WASHINGTON, July 1, 2017 – Hashimoto’s disease is an autoimmune condition where the body produces antibodies that attack the healthy cells of the thyroid gland, and these results in damage to the otherwise healthy tissue. The result is reduced thyroid hormone production which can lead to long-term neurological complications.
Researchers have now shown that Hashimoto’s disease can affect the functioning of the brain, and this has been referred to as accelerated brain degeneration.
It’s important to mention that brain-related changes occur as a result of poorly controlled Hashimoto’s disease. Therefore, patients are urged to regularly follow-up with their specialists and primary care doctors to adequately manage and monitor the progression of the disease. It’s also recommended that these patients take their medication and any other supplements as prescribed.
Patients may be compliant with their medication but there are times when symptoms such as depression, decreased mental alertness, drowsiness, brain fog and cognitive changes still occur. The problem is that numerous symptoms of brain decline mimic those of Hashimoto’s disease, and these results in patients and their doctors ultimately ignoring the symptoms, leading to the thought that these problems are just thyroid-related issues that one just has to live with.
This is a common mistake, unfortunately, and the end result is regrettable consequences. These being that it has been discovered that Hashimoto’s disease increases the risk of developing Alzheimer’s or Parkinson’s disease. Accelerated brain degeneration is, in fact, one of the most severe complications of poorly managed Hashimoto’s disease.
The most common symptoms of early brain degeneration include fatigue, depression, loss of motivation and decreased drive, which are identical to symptoms of hypothyroidism. Other symptoms may also include the inability to find the correct words, brain fog, memory loss, and delayed mental speed. Fatigue is a very common symptoms and this makes driving, reading and holding a conversation exhausting. Patients with Hashimoto’s disease may also experience vertigo, a loss of balance, tinnitus, numbness and tingling in different parts of the body, and other neurological issues.
The possible cause behind decreased thyroid functioning resulting in accelerated brain degeneration may be due to the following factors:
- Alteration of neurotransmitter activity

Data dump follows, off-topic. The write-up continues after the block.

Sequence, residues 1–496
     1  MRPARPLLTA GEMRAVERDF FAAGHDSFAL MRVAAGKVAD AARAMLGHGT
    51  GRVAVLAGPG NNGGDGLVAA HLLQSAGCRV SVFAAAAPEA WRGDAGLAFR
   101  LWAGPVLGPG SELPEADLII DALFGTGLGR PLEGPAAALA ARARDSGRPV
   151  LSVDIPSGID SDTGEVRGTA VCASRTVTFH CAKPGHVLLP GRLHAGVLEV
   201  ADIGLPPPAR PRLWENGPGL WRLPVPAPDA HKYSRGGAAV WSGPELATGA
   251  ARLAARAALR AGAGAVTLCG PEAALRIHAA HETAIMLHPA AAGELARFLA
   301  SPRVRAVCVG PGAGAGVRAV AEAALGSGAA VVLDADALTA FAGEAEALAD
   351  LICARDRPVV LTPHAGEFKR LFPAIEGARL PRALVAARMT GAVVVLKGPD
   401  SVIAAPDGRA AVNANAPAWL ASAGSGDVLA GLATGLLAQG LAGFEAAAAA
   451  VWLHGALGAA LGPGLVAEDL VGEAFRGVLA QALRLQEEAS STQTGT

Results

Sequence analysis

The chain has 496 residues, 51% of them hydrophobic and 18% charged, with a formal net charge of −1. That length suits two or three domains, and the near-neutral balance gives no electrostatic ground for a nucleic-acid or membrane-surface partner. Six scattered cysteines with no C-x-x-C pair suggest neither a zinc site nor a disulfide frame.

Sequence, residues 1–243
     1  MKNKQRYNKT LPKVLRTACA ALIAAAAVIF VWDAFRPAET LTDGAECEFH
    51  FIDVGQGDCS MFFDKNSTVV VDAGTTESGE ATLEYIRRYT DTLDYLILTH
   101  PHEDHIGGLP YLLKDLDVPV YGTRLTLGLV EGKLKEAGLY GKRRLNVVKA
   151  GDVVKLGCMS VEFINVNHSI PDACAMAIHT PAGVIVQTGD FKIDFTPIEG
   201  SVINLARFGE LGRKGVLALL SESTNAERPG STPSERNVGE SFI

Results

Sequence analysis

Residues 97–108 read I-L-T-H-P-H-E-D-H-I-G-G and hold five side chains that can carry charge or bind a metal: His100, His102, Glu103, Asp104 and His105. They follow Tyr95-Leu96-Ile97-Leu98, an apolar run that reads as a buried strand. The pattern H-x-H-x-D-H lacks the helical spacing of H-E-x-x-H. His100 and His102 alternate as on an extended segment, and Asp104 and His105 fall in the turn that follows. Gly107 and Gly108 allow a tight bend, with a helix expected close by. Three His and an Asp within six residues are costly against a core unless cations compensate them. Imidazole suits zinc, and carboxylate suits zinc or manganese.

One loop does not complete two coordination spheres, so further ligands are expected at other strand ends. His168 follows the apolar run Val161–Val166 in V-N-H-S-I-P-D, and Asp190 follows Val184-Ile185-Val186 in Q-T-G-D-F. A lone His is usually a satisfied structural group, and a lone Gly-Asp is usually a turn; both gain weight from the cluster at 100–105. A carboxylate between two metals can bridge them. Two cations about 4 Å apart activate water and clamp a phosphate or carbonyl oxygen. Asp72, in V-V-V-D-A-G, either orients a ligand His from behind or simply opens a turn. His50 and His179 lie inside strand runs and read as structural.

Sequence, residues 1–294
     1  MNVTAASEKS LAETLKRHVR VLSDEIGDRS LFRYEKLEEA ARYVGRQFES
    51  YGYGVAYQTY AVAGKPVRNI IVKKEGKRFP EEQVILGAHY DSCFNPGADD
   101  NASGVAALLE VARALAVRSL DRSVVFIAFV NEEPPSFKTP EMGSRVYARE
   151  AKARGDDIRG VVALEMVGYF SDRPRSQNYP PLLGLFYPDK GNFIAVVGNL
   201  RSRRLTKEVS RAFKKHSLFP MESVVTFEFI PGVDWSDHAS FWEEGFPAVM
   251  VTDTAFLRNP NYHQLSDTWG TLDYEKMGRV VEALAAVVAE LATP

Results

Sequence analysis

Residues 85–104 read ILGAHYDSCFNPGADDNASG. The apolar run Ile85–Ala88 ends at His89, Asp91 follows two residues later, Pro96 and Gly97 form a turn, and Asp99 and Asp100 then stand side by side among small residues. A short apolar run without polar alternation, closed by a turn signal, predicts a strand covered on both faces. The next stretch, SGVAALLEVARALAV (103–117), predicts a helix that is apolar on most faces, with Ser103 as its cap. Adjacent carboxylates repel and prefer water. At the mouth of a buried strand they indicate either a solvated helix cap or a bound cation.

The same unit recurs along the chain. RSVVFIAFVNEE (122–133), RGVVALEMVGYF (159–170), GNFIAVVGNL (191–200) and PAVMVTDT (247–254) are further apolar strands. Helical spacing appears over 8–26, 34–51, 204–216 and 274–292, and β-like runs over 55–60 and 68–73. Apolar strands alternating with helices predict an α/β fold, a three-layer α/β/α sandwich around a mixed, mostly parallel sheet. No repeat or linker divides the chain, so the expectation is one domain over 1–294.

- Increased brain inflammation.
- Increased brain inflammation.
- Loss in the integrity of the blood-brain barrier.
- Decreased blood flow and oxygen to the brain.
- Promotion of brain autoimmunity.
- Increased protein aggregation (clumping together of proteins in the brain).
- Hashimoto’s hypothyroidism and Alzheimer’s disease
The early symptoms of Hashimoto’s hypothyroidism being associated with an increased risk of Alzheimer’s disease include trouble learning new tasks and activities, having an impaired memory, frequently losing everyday items such as spectacles and keys, and having difficulty with directions.
Two recent clinical studies, including one that assessed over 300,000 individuals, show that Hashimoto’s disease increased the risk of developing Parkinson’s disease. Patients with Hashimoto’s disease should be aware of early symptoms of Parkinson’s such as a decreased sense of smell, slowness, and constipation. Tremors usually occur later in the development of Parkinson’s disease, therefore if this symptom is present then it may be too late to reverse the damage caused by Hashimoto’s disease.
It’s very important for patients with Hashimoto’s disease -and their doctors – to be aware of the possibility that brain-related symptoms may be as a result of complications caused by the disease itself, rather than them being part of the condition.
Even though the symptoms are the same, from a clinical point of view it’s very important that the issues are managed appropriately because brain-related complications caused by Hashimoto’s disease can be irreversible, and will end up greatly affecting the involved patient’s quality of life.
This article is not intended as medical advice. Please see your physician with questions or concerns.